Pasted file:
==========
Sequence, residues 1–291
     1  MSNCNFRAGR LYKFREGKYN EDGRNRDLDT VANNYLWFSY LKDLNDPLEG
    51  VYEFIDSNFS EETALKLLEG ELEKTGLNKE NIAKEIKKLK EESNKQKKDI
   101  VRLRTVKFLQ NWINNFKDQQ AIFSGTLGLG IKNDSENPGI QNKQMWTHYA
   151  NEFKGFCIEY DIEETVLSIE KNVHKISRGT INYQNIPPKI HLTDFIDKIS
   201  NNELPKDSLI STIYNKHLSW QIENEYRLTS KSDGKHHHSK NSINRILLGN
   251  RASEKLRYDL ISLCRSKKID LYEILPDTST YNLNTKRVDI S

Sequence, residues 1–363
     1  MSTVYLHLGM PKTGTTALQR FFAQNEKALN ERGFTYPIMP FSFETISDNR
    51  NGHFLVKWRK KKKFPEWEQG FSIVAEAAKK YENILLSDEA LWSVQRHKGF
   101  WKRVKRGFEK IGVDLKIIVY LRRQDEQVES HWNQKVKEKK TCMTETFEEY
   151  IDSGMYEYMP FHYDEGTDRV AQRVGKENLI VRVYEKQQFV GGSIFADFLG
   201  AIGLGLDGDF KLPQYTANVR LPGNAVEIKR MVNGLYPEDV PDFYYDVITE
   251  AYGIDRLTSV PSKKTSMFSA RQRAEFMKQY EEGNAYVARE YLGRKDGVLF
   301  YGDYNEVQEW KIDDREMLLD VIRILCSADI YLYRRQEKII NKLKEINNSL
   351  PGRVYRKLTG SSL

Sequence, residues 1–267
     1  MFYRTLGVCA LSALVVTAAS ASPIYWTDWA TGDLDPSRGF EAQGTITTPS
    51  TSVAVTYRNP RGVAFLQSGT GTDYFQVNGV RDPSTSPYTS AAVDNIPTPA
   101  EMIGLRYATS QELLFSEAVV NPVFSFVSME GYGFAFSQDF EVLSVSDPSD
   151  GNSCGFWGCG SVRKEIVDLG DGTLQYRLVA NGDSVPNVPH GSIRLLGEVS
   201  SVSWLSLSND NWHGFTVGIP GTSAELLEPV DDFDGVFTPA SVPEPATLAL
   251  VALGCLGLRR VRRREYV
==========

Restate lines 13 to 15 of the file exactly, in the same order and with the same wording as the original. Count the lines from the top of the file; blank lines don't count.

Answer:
   201  AIGLGLDGDF KLPQYTANVR LPGNAVEIKR MVNGLYPEDV PDFYYDVITE
   251  AYGIDRLTSV PSKKTSMFSA RQRAEFMKQY EEGNAYVARE YLGRKDGVLF
   301  YGDYNEVQEW KIDDREMLLD VIRILCSADI YLYRRQEKII NKLKEINNSL